I really enjoyed this morning's ULI Seattle breakfast: The City in 2050: The Infrastructure of Innovation.
The speakers included: the Washington State governor from 1965-1977, Daniel J. Evans - Wonderful speaker - Here's a man who lead this state before I was born, and I felt like I could relate to what he said more than many current government leaders; David Brewster, and Uwe Brandes.
The entire breakfast was motivational and challenging. I really appreciated the message of citizen leadership that echoed during the discussion. (A conversation I could have listened to all day.)
A few interesting thoughts...
By the year 2050, it is projected that Seattle will absorb the equivalent of the entire population of Portland, OR. Imagine everyone in Portland getting in their cars, hopping on buses, trains and planes, and coming here. And staying.
When Metro was first proposed to this region, it was considered Communist. Just sayin'.
Second only to Austin, Seattle has a very high population of more recent transplants. Trying to find the exact stat online - not successful yet. This doesn't surprise me. I often find myself the only person in a group of people who is from here. I can only name a handful of other people who fit this description.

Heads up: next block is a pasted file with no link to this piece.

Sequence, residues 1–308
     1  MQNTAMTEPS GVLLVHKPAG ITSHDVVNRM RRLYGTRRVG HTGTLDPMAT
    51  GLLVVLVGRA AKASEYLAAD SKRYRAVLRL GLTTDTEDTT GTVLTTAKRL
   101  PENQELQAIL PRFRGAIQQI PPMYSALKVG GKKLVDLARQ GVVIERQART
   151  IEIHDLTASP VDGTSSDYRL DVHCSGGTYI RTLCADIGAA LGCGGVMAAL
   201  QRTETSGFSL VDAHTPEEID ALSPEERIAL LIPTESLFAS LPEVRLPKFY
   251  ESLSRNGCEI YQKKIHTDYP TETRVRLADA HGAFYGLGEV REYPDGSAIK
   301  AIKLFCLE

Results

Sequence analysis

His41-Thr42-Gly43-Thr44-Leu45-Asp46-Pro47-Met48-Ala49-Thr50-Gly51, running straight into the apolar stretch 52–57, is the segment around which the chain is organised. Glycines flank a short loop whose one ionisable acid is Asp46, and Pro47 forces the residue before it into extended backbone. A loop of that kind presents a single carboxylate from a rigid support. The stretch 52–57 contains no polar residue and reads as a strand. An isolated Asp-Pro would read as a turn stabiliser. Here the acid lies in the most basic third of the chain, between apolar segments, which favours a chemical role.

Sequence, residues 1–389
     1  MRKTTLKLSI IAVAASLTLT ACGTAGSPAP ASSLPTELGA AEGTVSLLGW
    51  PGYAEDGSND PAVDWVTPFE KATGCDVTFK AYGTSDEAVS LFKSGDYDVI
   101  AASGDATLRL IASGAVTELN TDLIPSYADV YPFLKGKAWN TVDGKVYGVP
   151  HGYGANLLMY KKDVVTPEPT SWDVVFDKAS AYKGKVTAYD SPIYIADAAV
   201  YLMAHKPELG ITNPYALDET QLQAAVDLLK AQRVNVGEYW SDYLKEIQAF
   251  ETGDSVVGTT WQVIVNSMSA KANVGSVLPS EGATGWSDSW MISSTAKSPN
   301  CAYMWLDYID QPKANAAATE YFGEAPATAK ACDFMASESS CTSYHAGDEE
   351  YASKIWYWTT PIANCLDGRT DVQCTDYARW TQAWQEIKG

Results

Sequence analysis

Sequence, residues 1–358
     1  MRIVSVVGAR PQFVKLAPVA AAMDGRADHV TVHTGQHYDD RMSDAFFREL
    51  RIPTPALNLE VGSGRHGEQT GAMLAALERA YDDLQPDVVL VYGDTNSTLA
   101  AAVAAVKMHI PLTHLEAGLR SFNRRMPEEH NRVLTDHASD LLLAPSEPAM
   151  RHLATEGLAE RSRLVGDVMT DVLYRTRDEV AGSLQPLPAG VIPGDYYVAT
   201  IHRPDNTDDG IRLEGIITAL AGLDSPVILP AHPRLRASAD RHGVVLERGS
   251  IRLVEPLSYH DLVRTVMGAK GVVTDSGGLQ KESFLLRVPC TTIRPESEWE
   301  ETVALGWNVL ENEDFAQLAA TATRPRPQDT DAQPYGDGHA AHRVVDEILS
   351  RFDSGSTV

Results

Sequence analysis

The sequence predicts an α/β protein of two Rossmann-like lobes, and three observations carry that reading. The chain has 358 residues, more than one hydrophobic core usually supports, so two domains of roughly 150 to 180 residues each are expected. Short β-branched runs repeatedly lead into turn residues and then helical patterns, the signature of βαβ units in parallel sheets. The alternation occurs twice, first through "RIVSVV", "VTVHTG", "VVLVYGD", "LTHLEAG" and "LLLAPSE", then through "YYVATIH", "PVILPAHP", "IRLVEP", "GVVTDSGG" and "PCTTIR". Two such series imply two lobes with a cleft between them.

On a similar train of thought... Seattle used to be where people stayed. They had experienced bigger cities and smaller cities and found Seattle to be "just right." Now, Seattle is a "first city." We attract college graduates, who aren't necessarily tied down here.
Our world population is at a threshold - there are more people living in urban environments than rural.
All of these thoughts shape how we govern. There was talk of "de-centralizing" city government, and, although it seems paradoxical, perhaps we will see a renaissance in political involvement. The idea is to promote district/neighborhood level leadership.... hmmm...
It also shapes how we plan and build the future city of Seattle. How we create neighborhoods that discourage driving and offer people what they need. How we allow people to age in place.
The take away from this morning's breakfast is The City in 2050: Creating Blueprints for Change. I'm excited to read it.